Fonseca, Daniel de
FONSECA, DANIEL DE
FONSECA, DANIEL DE (1672–c. 1740), Marrano physician and diplomat from Oporto (Porto), Portugal. His grandfather had been burned at the stake by the Inquisition; his father had escaped the same fate only by flight. Left behind in Portugal, his son was brought up as a priest. This did not prevent him from adhering to Judaism in secret. The secret reached the ears of the Inquisition and like his father he had to flee for his life, crossing the border into France. He studied medicine in Bordeaux, resided for a time in Paris, and then made his way to Constantinople, where he arrived in 1702. Once there, he openly embraced Judaism. Through his medical skill, De Fonseca soon became known in the Turkish capital, obtaining the confidence of many high officials. He showed himself an accomplished diplomat, consistently espousing the cause of France and thereby earning the dislike of the Court of Austria. He was appointed a physician to the French embassy, in which he occupied the position of confidential adviser. Subsequently, he became medical attendant to Prince Mavrocordato at Bucharest. On his return to Constantinople, he became physician to the sultan, continuing to occupy this office till 1730; and he was of great assistance to Charles xii of Sweden in his intrigues at the Sublime Porte against Russia and Poland. Finally he settled in Paris, where he mingled with the highest society of his age and earned the respect of Voltaire, who regarded him as "the only philosopher of his people."
Rosanes, Togarmah, 4 (1935), 188f.; E. Carmoly, Histoire des médecins Juifs (1844), 198f.; Roth, Marranos, 310–11; A. da Silva Carvalho, Daniel da Fonseca (Fr., 1939); Marquis d'Argens, Memoires (1735), 114–5.
"Fonseca, Daniel de." Encyclopaedia Judaica. . Encyclopedia.com. (February 22, 2019). https://www.encyclopedia.com/religion/encyclopedias-almanacs-transcripts-and-maps/fonseca-daniel-de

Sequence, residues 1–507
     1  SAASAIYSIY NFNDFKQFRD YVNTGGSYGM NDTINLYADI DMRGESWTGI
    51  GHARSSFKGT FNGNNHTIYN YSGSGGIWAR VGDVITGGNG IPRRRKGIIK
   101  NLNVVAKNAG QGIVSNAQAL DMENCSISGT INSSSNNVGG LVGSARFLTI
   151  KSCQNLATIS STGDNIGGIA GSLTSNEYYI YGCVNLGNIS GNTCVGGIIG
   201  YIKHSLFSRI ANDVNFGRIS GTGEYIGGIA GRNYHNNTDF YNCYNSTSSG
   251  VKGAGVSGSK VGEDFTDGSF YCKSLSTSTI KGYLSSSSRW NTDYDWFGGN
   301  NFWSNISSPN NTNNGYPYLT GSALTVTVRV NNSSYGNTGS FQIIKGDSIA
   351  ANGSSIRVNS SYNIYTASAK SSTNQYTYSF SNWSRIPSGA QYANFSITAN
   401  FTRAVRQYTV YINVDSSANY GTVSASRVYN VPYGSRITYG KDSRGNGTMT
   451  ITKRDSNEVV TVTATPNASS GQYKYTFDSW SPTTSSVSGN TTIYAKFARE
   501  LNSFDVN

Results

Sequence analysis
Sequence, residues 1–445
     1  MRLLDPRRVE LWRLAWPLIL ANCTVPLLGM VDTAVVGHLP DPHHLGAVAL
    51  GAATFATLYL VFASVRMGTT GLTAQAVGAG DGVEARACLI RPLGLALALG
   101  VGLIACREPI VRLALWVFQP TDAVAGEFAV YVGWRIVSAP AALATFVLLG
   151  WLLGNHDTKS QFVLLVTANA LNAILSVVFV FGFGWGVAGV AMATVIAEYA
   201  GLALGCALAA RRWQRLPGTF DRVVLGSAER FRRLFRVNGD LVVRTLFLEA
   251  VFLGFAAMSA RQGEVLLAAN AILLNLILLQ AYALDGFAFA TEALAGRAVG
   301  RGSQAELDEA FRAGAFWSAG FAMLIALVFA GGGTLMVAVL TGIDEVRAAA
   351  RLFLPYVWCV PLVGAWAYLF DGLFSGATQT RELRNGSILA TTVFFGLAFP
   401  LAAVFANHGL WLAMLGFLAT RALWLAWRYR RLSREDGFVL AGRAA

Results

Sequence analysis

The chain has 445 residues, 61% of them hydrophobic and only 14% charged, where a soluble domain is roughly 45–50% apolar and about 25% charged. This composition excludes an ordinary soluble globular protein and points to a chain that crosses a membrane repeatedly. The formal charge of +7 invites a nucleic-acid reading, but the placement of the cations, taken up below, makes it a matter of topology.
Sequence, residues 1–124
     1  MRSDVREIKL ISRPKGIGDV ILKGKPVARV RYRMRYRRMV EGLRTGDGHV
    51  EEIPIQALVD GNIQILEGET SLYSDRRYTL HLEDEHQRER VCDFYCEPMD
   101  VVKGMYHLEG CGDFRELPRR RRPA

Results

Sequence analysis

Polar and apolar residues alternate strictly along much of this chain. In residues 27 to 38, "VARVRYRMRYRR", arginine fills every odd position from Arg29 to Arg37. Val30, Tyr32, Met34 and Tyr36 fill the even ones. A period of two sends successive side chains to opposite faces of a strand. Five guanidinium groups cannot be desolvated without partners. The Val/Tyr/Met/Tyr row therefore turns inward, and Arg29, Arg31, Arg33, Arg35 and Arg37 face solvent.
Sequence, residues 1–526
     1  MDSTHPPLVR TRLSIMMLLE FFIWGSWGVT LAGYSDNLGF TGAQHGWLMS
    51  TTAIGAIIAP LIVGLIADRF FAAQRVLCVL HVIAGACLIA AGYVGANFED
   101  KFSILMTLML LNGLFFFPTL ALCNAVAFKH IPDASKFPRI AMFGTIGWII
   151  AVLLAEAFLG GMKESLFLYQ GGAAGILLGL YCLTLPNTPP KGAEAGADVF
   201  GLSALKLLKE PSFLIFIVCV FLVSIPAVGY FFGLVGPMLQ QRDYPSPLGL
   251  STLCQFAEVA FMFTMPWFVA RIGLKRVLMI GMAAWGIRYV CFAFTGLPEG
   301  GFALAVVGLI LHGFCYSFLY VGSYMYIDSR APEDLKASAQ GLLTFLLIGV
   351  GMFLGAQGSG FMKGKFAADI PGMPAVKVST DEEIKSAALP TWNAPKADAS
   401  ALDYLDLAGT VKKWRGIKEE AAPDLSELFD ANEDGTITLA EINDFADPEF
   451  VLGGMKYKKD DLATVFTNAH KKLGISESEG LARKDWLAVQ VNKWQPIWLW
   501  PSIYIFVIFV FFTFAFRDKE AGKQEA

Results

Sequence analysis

"Fonseca, Daniel de." Encyclopaedia Judaica. . Retrieved February 22, 2019 from Encyclopedia.com: https://www.encyclopedia.com/religion/encyclopedias-almanacs-transcripts-and-maps/fonseca-daniel-de
Encyclopedia.com gives you the ability to cite reference entries and articles according to common styles from the Modern Language Association (MLA), The Chicago Manual of Style, and the American Psychological Association (APA).
Within the “Cite this article” tool, pick a style to see how all available information looks when formatted according to that style. Then, copy and paste the text into your bibliography or works cited list.
Because each style has its own formatting nuances that evolve over time and not all information is available for every reference entry or article, Encyclopedia.com cannot guarantee each citation it generates. Therefore, it’s best to use Encyclopedia.com citations as a starting point before checking the style against your school or publication’s requirements and the most-recent information available at these sites:
Modern Language Association
The Chicago Manual of Style
American Psychological Association
- Most online reference entries and articles do not have page numbers. Therefore, that information is unavailable for most Encyclopedia.com content. However, the date of retrieval is often important. Refer to each style’s convention regarding the best way to format page numbers and retrieval dates.
- In addition to the MLA, Chicago, and APA styles, your school, university, publication, or institution may have its own requirements for citations. Therefore, be sure to refer to those guidelines when editing your bibliography or works cited list.